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Brother Emsworth Sat May 11 20:41:51 2002
Spirit - 8.99 minus tax

SPIRIT: STALLION OF THE CIMARRON (2002) A Dreamworks Production. Directors: Kelly Asbury, Lorna Cook; Screenplay: John Fusco; Music: Hans Zimmer (songs by Bryan Adams); Animation supervisor: Kristoff Serrand; Senior supervising animator: James Baxter (Spirit); Supervising animators: Steve Horrocks, Jakob Hjort Jensen, Dan Wagner (Spirit), Pres Antonio Romanillos (Little Creek), William Salazar (Rain), Fabio Lignini (The Colonel), Simon Otto (Eagle), Alex Williams (Wranglers), Patrick Mate (Animals, Murphy), Erik C. Schmidt, Paul Newberry; Animators: Antony Gray, Dimos Vrysellas, Kathy Zielinski (Spirit), Keith Sintay; CGI animators: Angie Glocka, Owen Klatte; 2D Effects animators: Edward Coffey, Lenoard F. W. Green, Carl Keeler; Art director: Kathy Altieri; Layout: Guillame Bonamy, Tim Soman; Background supervisor: Kevin Turcotte; Backgrounds: Greg Gibbons, Carolyn Guske, Paul Shardlow;

Voices: Spirit: Matt Damon Little Creek: Daniel Studi The Colonel: James Cromwell Sgt. Adams: Chopper Bernet Murphy, Railroad Sergeant: Jeff LeBeau Soldier: John Rubano Roy: Charles Napier

ADR Voices: Michael Horse, Marcelo Tubert

"Spirit" is one of the few animated features to use horses as the principal characters (when used at all, they're usually in bit parts, as in "Sleeping Beauty" or "Beauty and the Beast.") The plot, such as it is, depicts events in the life of the titular mustang (actually unnamed until the last few minutes in the film), as told by the horse himself through first person narration. Spirit is raised from a colt as part of a sizable herd of wild horses living in an unspecified region of the west. Spirit grows up to lead the herd, but wanders off to explore a camp site one night, and after a long chase, is captured, having first steered them away from his mother and herd. Brought to a US cavalry fort, the horse refuses to submit, leading the hard nosed colonel to submit him to starvation. Still unbroken, the horse manages to escape, with a friendly Indian prisoner named Little Creek on his back. Spirit befriends Little Creek's mare Rain, but still refuses to allow anyone to ride him, even the patient Indian. Further conflict arises when the cavalray clears out the Indian village to make way for the railroad, and once again pursues the horse.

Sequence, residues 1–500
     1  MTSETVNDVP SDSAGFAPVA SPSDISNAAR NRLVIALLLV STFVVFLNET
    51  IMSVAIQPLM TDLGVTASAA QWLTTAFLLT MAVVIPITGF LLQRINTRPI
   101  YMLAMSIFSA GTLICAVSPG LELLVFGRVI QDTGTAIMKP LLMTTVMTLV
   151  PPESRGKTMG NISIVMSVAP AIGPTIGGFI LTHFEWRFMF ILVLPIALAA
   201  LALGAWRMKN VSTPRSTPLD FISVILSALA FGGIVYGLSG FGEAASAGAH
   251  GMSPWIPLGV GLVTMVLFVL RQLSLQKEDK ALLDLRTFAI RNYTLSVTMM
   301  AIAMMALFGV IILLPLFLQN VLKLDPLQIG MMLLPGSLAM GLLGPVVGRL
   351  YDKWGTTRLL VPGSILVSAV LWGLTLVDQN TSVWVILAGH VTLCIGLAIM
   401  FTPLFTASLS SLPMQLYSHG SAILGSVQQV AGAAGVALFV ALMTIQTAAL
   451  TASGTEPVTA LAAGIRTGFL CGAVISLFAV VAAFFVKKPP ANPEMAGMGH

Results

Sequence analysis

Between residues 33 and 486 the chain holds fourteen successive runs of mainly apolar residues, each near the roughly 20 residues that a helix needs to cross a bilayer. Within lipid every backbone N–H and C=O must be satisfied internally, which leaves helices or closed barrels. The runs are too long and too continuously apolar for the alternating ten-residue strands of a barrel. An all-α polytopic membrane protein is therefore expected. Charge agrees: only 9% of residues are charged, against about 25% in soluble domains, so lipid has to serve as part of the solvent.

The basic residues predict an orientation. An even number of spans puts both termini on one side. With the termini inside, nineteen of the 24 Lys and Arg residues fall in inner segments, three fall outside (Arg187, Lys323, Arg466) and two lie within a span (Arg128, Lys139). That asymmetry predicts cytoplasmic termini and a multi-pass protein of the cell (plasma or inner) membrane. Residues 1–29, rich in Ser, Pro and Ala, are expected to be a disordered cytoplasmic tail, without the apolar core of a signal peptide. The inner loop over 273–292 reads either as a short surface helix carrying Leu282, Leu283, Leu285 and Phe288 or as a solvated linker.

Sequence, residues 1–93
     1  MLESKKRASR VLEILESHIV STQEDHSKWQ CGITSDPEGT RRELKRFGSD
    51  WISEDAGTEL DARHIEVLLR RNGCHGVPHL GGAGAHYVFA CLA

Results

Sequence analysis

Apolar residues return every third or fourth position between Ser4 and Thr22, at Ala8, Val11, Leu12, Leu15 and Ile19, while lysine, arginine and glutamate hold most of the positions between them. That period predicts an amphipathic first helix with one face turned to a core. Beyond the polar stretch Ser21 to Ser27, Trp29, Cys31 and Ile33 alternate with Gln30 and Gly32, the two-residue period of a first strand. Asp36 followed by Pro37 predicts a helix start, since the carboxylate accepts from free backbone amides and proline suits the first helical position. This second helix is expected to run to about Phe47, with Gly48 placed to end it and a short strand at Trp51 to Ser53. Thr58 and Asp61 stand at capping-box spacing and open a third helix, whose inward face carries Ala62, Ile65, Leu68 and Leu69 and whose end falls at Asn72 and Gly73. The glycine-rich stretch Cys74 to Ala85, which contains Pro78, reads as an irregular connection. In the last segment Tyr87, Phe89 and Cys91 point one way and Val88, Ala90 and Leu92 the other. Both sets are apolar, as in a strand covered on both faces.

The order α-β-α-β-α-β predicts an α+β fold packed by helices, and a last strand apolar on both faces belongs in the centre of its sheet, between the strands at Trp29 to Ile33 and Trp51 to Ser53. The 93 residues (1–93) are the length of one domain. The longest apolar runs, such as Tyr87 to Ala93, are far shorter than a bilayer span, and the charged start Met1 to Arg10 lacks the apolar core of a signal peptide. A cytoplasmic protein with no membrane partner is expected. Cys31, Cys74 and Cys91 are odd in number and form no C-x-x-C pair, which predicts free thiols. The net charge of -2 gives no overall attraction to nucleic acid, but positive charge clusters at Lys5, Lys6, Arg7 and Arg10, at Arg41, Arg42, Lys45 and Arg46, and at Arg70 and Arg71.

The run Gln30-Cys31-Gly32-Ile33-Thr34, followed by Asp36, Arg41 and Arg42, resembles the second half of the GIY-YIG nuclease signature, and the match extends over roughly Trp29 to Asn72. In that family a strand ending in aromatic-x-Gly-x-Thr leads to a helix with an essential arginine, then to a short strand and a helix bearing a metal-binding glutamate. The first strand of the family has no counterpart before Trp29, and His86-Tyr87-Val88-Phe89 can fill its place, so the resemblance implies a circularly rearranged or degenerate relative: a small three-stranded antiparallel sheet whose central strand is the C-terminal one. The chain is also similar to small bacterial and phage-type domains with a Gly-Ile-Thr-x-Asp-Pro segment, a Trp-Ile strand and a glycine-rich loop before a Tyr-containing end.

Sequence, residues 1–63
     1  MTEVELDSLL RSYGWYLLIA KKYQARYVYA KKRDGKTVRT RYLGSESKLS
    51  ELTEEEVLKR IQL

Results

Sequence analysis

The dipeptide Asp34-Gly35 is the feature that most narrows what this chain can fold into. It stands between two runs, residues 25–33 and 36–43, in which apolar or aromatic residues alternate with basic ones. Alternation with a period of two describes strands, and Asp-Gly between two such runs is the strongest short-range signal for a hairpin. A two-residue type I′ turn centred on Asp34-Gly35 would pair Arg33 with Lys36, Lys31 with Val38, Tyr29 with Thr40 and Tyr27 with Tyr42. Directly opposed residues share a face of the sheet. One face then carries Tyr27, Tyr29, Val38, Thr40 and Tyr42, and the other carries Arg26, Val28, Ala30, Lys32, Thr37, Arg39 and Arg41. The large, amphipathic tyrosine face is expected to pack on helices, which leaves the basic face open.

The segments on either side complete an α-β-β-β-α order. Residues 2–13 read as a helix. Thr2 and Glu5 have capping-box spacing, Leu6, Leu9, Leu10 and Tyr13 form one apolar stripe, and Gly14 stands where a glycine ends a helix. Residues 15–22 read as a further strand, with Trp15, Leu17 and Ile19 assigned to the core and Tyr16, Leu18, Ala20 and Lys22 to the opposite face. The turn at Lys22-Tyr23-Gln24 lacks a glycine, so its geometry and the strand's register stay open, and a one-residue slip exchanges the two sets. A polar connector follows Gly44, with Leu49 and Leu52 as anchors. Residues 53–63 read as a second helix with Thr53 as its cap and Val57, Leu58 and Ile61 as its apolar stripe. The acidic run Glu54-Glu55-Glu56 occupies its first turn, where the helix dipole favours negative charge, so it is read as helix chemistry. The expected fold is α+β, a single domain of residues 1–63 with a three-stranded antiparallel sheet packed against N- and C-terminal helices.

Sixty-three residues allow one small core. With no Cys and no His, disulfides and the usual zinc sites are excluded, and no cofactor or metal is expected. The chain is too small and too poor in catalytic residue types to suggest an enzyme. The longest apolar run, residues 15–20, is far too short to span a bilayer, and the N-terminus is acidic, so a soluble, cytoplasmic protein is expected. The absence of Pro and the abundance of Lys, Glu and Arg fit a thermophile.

The narration, by Matt Damon, is kept to a minimum, as the horses communicate and display emotion through whinnies and through the expressive character animation. Eyebrows and eyelashes, not features normally associated with the equine set, are grafted on, the former to help give the horses personality and the latter to do the same while also signifyng which horses are female. The use of the horse's perspective and minimal anthropomorphization are amongst the film's strength. The plot is oddly slight, perhaps due to the minute principal cast and minimal dialogue, with the major conflict being quite broad and simple: the horse against those who seek to tame him. Spirit's rapid gallops, either free in the wild plains or while attempting to evade capture or peril, seem to almost replace the narrative. Considering how many recent features suffer from too much plot, however, this actually benefits the film most of the time. of Bryan Adams' songs, presumably intended to complement the animation in expressing the character's emotions, are actually more distracting than anything else. Particularly one cacophonous ditty, while the cavalry men attempt to ride Spirit, called "Get Off of My Back." The score, too, by the usually reliable Hans Zimmer, has a would-be majestic quality to it which succeeds on occasion, but too often blares against the ears with its piercing percussion. The backgrounds in several scenes have a murky quality to them, the supporting horses and humans often seem to fade into the backgrounds themselves, often seeming rather undistinguishable, and there was something oddly jarring about the wing movements of an eagle. The effects animation amost outshines the character work in some scenes, particularly the rustling of grass during Spirit's birth scene, and the use of shadows. Apart from the music, the film is quiet and unassuming in many ways, which is probably its strongest point, and a nice antidote to the frenetically paced, overly plotted, action packed summer blockbusters. Amongst the artists, its worth noting that background artist Paul Shardlow also worked on "Watership Down" and the "Den" sequence of "Heavy Metal," while James Baxter is a former Disney animator who supervised Belle in "Beauty and the Beast" and Rafiki" in "The Lion King," Alex Williams is another Disney alum and also the son of famed animator and "Who Framed Roger Rabbit" animation director Richrad Williams, and CGI animators Angie Glocka and Owen Klatte began in stop-motion, working on the 80's "Gumby" revival and Tim Burton's "The Nightmare Before Christmas."

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